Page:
Members of the Forbes 400 classified as “self-made” are the most generous. Forbes categorizes 279 billionaires as “self-made.” The group includes business founders, co-founders, and CEOs. The remaining 121 billionaires inherited large sums of family money or stakes in companies, which is not to say that their current wealth was inevitable. In other words, there are more than twice as many self-made U.S. billionaires as those whose wealth is based on inheritance. Self-made billionaires appear to be more generous. On average, self-made billionaires (for whom we had data) donated $83.4 billion, or approximately 6 percent of their net worth. In comparison, billionaires who had inherited significant wealth donated $12.9 billion, or approximately 3.7 percent of net worth. It is important to note that all these figures are minimum approximations, since data on many donations (for all those in the 400) are not publicly available.
It is worth reflecting on the disparity between the philanthropic habits of the self-made and those who inherited some of their wealth. In effect, the self-made can be said to be somewhat more inclined to help others climb as they have. (See Mark Zuckerberg, who attended public high school in suburban New York for two years—and went on to donate $100 million to the Newark public schools.) In other words, they have not forgotten where they came from.
Education is the most favored philanthropic cause, but there is great variety—even idiosyncrasy—in what is supported. It goes almost without saying that Americans believe that education is the key to upward mobility and to economic growth broadly. Thus it is not surprising to see that the Gates Foundation and members of the Walton family have supported K–12 education. Nor is it a surprise to see philanthropic investments in scientific and medical research (Eli Broad and MITs Broad Institute) or great museums (Charles Koch and New Yorks Museum of Modern Art).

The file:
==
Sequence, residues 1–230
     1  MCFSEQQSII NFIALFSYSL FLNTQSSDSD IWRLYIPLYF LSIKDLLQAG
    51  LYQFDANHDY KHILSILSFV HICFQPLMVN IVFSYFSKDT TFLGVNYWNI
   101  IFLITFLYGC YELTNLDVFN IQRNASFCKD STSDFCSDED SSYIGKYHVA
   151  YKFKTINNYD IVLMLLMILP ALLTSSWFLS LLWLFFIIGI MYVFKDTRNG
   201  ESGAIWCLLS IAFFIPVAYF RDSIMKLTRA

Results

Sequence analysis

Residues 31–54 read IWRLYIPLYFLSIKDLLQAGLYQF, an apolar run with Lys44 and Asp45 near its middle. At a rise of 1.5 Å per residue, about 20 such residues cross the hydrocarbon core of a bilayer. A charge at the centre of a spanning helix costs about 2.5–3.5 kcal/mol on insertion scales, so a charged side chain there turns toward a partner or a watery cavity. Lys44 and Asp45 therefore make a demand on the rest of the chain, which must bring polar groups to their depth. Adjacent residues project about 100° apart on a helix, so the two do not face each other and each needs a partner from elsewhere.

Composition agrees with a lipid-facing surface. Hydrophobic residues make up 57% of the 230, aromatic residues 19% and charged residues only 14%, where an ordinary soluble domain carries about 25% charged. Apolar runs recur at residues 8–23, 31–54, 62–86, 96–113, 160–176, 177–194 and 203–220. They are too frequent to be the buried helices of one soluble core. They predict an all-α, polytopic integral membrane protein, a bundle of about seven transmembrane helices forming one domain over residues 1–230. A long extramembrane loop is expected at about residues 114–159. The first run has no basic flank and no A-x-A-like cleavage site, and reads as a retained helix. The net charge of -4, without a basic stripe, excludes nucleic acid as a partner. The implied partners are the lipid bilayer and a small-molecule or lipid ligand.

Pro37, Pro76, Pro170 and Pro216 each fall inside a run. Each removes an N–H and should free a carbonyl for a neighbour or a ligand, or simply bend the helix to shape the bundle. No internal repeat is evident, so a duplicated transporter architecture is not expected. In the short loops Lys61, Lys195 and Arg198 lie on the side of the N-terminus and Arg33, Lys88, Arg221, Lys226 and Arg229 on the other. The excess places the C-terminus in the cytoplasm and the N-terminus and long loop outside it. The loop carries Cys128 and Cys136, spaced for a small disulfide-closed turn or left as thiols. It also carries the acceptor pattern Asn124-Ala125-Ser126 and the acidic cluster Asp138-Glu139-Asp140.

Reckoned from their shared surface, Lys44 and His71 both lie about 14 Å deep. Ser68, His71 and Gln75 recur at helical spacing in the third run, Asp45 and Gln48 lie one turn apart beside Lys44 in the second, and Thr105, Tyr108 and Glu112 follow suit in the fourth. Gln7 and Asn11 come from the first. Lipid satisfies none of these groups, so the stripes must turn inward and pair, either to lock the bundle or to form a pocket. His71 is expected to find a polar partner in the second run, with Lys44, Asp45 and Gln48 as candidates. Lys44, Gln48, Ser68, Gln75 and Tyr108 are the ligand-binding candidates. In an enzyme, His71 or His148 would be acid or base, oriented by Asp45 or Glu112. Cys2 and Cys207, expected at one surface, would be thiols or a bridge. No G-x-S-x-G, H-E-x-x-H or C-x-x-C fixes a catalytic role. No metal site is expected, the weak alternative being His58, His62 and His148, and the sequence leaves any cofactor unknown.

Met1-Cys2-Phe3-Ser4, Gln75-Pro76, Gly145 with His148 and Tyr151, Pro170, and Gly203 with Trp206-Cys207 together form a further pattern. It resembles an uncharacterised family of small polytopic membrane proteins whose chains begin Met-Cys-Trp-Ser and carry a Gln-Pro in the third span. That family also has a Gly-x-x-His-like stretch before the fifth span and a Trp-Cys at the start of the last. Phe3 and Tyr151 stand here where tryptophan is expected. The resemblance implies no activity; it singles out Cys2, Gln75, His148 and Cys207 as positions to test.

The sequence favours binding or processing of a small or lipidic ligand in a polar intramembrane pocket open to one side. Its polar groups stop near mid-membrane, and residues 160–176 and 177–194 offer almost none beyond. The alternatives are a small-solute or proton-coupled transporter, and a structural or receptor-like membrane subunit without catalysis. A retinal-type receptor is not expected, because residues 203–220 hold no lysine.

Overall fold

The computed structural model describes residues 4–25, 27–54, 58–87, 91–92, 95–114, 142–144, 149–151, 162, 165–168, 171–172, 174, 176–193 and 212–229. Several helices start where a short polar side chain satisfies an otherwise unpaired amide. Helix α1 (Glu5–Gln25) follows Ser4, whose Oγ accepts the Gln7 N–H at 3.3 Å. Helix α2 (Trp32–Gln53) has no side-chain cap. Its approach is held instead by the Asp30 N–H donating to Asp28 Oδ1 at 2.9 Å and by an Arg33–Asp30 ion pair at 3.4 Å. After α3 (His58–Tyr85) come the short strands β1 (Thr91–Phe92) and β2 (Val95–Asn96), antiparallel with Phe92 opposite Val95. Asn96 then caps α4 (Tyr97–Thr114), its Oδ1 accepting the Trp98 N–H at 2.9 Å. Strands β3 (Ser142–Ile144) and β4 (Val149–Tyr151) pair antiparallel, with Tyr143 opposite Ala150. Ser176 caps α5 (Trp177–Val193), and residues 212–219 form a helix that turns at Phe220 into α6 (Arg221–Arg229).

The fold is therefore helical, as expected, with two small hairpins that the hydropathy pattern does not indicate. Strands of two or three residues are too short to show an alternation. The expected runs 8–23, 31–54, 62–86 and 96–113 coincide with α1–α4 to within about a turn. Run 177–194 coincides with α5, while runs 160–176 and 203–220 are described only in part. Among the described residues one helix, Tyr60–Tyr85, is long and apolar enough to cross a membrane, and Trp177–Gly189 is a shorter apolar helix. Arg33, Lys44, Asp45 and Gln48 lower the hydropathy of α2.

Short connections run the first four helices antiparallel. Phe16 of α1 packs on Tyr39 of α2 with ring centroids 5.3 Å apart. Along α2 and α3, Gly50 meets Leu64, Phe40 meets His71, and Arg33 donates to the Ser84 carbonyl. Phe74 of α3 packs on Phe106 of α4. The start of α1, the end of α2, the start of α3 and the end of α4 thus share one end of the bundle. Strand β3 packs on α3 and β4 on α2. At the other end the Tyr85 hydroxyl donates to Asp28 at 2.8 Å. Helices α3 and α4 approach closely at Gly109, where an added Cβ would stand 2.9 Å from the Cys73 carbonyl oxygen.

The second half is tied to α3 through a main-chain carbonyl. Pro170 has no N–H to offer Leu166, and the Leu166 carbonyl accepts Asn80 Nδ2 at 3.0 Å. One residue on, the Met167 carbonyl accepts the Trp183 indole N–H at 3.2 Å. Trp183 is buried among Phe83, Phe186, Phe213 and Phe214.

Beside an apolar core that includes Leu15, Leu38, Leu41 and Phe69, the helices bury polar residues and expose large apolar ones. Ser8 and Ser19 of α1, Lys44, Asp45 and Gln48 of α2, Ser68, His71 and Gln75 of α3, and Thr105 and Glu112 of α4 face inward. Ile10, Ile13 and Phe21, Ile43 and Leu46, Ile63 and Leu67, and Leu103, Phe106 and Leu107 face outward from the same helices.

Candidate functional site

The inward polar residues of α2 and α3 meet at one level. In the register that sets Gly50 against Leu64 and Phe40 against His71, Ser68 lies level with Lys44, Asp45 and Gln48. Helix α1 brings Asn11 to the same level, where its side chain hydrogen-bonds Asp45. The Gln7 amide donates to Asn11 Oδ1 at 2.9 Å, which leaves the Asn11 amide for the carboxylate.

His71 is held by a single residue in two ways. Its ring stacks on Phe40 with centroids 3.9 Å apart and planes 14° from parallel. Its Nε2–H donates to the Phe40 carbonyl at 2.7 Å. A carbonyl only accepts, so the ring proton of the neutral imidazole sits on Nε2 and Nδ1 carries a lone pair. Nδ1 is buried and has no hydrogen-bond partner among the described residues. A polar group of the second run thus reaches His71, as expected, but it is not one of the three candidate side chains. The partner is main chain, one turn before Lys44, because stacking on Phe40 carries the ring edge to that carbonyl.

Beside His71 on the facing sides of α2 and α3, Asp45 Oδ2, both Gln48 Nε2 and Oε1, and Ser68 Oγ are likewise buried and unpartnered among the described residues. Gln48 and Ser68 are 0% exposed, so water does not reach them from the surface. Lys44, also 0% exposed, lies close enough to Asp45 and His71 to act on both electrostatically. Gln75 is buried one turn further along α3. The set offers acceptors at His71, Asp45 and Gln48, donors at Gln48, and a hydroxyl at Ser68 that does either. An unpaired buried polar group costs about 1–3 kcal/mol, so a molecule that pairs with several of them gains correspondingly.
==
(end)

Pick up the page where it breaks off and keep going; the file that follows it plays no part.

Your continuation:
But the virtues of philanthropy include its capacity to support the original and the unusual, the sorts of causes that are unlikely to attract government funding. For instance, Larry Page and Eric Schmidt of Google have supported the B612 Foundation, dedicated to seeking ways to divert the path of potentially destructive asteroids that might strike the Earth (named for the fictional asteroid on which the hero of Antoine de Saint-Exupérys “Little Prince” lived). The project has roots in NASA but is providing funding that NASA could not obtain. (After the recent meteor hit Siberia, interest in the foundation spiked.)
That sort of unconventional funding—what I call “independent philanthropy,” in my forthcoming book for Encounter, Philanthropy Under Fire—may be the most important reason to appreciate the philanthropy of the Forbes 400. Indeed, we might think of their $300 billion-plus in pledges as a national philanthropic venture fund, directed by people who are often active in for-profit venture finance and start-ups. One may believe that the Forbes 400 should be giving more, but they assuredly have given and pledged a significant portion of their wealth to this point.
There is reason to think, as well, that the philanthropy of the U.S. superrich is influencing international norms. Since the advent of the Giving Pledge by Bill Gates and Warren Buffett (who have pledged their entire fortunes to the Bill and Melinda Gates Foundation), several non-U.S. billionaires have made large pledges, as well. This hardly seems like a coincidence. Hong Kong shipping tycoon Li Ka-shing, for instance, has pledged a third of his $31 billion fortune to education, health care, arts, culture, and humanitarian causes.
The American philanthropic tradition is a deep one—predating the advent of the income tax. Indeed, Benjamin Franklin, who would go on to create a trust that led to the establishment of Philadelphias science museum and a vocational training school in Boston, once wrote, presaging Gates and Buffett, that “I would rather have it said, He lived usefully than He died rich.”
One cannot say with any certainty that changes in the tax code will turn off that flow of philanthropic dollars. But we should consider carefully whether it is worth taking that chance.
Original Source: http://www.forbes.com/sites/howardhusock/2013/06/26/the-philanthropy-of-the-forbes-400-the-generosity-of-the-self-made/